much higher prices.
Food experts say that while Zimbabwe has experienced food shortages since
2001, the price controls imposed in July have dramatically worsened the
crisis, leaving more than 5 million people across the country in need of
President Robert Mugabe and his government continue to deny the country
needs assistance. United Nations sources said that when he met recently with
U.N. Secretary General Ban Ki-Moon, he turned down humanitarian aid
Mr. Mugabe was said to have told Ban that problems in Zimbabwe are as a
result of "illegal sanctions" imposed by the United States and other Western
But critics say the shortages reflect bungled land reform and poor economic
A U.N. source said the international organization cannot force humanitarian
or food aid upon on a country, if its government declines the offer, but
said Mr. Mugabe's position could result in the U.N. declining to issue an
appeal to donors.
Meanwhile, ordinary Zimbabweans say they are running from one store to
another in search of basic commodities such as bread, flour, mealie meal,
cooking oil or sugar.
Western nations including the United States, Britain and Australia continue
to provide food aid through the U.N. World Food Program and non-governmental
organizations such as the Consortium for Southern African Food Security
Emergency, which unites CARE, Catholic Relief Services and World Vision
International in aid provision.
With presidential and parliamentary elections due next year, opposition
members and other human rights groups say the need for food assistance is
now greater and that the use of food as a political tool is already in
evidence through out the country.
The Swedish Cooperative Center, a Swedish non-governmental organization,
urged the European Union and the WFP to set up an observer force to monitor
food aid distribution in Zimbabwe to prevent its politicization. But the WFP
said there is no need for an observer force to monitor the distribution of
food assistance in Zimbabwe.
For perspective,reporter Carole Gombakomba of VOA's Studio 7 for Zimbabwe
spoke with Richard Lee, WFP Southern African regional spokesman, and
Reverend Forbes Matonga, national director of Christian Care, a main WFP's
partner in Zimbabwe.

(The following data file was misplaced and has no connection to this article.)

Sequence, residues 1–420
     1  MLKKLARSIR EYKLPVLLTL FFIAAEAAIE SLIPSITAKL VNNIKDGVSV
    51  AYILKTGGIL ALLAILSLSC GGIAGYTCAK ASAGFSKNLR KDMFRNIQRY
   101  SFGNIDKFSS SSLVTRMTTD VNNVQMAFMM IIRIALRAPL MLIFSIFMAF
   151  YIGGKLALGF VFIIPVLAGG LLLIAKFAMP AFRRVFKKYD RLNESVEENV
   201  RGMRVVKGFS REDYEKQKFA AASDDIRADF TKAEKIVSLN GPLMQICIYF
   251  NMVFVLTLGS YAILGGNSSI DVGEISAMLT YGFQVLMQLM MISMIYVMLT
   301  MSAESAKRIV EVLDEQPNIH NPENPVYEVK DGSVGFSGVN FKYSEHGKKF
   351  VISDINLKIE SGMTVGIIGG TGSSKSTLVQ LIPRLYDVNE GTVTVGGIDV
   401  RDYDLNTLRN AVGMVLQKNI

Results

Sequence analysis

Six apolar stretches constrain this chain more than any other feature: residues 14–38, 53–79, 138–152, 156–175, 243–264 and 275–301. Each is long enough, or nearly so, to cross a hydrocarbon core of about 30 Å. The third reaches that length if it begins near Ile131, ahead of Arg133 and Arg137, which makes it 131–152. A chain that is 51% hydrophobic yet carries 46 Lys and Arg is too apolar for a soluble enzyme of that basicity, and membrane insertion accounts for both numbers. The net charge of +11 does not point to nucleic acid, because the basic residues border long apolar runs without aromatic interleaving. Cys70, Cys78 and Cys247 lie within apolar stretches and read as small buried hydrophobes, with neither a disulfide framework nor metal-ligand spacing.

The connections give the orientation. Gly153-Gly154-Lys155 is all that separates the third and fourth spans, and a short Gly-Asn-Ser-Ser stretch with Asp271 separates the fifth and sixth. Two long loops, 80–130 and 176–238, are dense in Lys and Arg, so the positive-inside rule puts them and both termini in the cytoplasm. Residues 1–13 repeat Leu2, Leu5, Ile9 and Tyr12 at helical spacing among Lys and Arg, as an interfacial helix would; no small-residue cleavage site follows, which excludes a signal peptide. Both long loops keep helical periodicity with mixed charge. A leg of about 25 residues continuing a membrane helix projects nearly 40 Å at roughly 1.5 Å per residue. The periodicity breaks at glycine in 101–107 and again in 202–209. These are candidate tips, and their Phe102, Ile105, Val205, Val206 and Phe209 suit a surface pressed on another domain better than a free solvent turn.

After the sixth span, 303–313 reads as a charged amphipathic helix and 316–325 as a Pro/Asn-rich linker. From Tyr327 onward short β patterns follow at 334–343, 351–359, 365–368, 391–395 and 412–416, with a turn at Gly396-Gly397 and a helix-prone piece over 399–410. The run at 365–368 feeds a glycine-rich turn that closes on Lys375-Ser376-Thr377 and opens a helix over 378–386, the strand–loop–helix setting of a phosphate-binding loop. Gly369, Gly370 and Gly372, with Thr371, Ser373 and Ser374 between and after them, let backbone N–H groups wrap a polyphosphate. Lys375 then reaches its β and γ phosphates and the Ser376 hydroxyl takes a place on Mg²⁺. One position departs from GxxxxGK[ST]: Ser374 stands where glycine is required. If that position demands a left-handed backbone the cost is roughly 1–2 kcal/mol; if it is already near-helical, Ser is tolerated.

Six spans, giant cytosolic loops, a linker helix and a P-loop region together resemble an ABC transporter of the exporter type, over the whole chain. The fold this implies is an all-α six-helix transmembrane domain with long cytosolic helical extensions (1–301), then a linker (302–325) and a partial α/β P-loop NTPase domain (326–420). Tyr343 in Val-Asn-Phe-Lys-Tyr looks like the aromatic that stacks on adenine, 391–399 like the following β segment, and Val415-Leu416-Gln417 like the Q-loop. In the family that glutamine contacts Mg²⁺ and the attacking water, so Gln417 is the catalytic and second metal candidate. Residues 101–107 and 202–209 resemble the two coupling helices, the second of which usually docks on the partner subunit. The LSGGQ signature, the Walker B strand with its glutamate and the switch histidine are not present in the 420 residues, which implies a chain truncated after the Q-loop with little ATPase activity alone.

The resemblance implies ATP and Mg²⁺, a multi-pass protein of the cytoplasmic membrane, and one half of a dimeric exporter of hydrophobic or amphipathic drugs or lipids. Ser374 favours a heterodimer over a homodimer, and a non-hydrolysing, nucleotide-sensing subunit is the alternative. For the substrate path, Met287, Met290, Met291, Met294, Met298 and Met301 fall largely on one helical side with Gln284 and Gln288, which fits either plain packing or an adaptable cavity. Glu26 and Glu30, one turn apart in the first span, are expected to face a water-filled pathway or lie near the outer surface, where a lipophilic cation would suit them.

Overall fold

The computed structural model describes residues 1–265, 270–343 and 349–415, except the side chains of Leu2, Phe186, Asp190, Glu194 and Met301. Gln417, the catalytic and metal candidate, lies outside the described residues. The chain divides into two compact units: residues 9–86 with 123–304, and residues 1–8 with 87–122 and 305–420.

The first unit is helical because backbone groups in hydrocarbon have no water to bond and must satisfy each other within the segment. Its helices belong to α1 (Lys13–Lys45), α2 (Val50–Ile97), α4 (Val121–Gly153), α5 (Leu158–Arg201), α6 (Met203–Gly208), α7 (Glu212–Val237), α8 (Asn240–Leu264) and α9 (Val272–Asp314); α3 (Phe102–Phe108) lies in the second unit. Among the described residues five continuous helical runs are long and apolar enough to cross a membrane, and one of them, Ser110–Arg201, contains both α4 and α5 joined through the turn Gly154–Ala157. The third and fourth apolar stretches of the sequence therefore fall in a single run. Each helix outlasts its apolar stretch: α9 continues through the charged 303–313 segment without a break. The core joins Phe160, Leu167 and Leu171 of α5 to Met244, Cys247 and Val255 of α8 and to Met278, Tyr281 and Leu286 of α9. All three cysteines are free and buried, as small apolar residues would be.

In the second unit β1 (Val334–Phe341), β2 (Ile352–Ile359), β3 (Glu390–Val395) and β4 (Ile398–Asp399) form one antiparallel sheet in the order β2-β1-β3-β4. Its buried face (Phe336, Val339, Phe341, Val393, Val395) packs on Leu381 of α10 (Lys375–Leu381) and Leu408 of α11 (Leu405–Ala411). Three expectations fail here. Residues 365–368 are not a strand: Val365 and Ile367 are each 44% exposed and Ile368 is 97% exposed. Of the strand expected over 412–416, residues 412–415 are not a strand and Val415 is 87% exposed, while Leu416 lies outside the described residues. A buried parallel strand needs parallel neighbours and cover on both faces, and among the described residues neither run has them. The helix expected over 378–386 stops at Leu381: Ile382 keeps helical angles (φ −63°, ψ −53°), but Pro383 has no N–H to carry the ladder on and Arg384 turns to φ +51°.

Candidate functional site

Matonga said demand for food aid is increasing in rural and urban areas
By Patience Rusere
05 October 2007
The Zimbabwe government averted a damaging strike by civil servants this
week, said sources close to negotiations between the government and the
Public Service Association, which represents state employees other than
those in uniform.
PSA officials could not be reached for confirmation or comment. But sources
said the PSA had canceled a strike set for Monday, releasing a statement
saying civil servants had received an increase in salary sufficient to call
off the threatened strike - though it fell short of demands, so the PSA
would continue to engage the government.
The association had asked for base salaries over the poverty line now at $16
million a month. But the Internet-based news agency ZimOnline reported that
the deal meant most civil servants would earn $14 million a month or about
The increase of some 420% was the same as that granted members of the
Zimbabwe Teachers Association, which settled with the government though its
larger rival, the Progressive Teachers Association of Zimbabwe said its
strike would continue.
Director Dennis Nikisi of the Graduate School of Management at the
University of Zimbabwe told reporter Patience Rusere that the new deal will
stoke inflation as the government does not have the funds and will have to
print more money.
By Jonga Kandemiiri
05 October 2007
While they negotiate in Pretoria, South Africa, Zimbabwe's ruling party and
opposition are arguing in Harare over preparations for proposed March 2008
This week the Morgan Tsvangirai faction of the Movement for Democratic
Change put a question in parliament to Justice Minister Patrick Chinamasa,
one of the ruling party negotiators in crisis talks being mediated by South
African President Thabo Mbeki. It asked whether voter rolls would be
established for each ward in all constituencies - including those created
under the constitutional amendment passed last month.
Chinamasa said there would be no new voter registration or revision of voter
Chinamasa added that redistricting would be carried out as soon as after
President Robert Mugabe signs constitutional amendment legislation, making
But the opposition said there must be a registration exercise between now
and March to allow all voters to confirm their registration and re-register
Spokesman Nelson Chamisa of the Tsvangirai MDC faction told reporter Jonga
Kandemiiri of VOA's Studio 7 for Zimbabwe that the refusal to hold such an
exercise indicates that ZANU-PF is not negotiating in good faith in the
October 5, 2007 11:55 p.m. EST
Vittorio Hernandez - AHN News Writer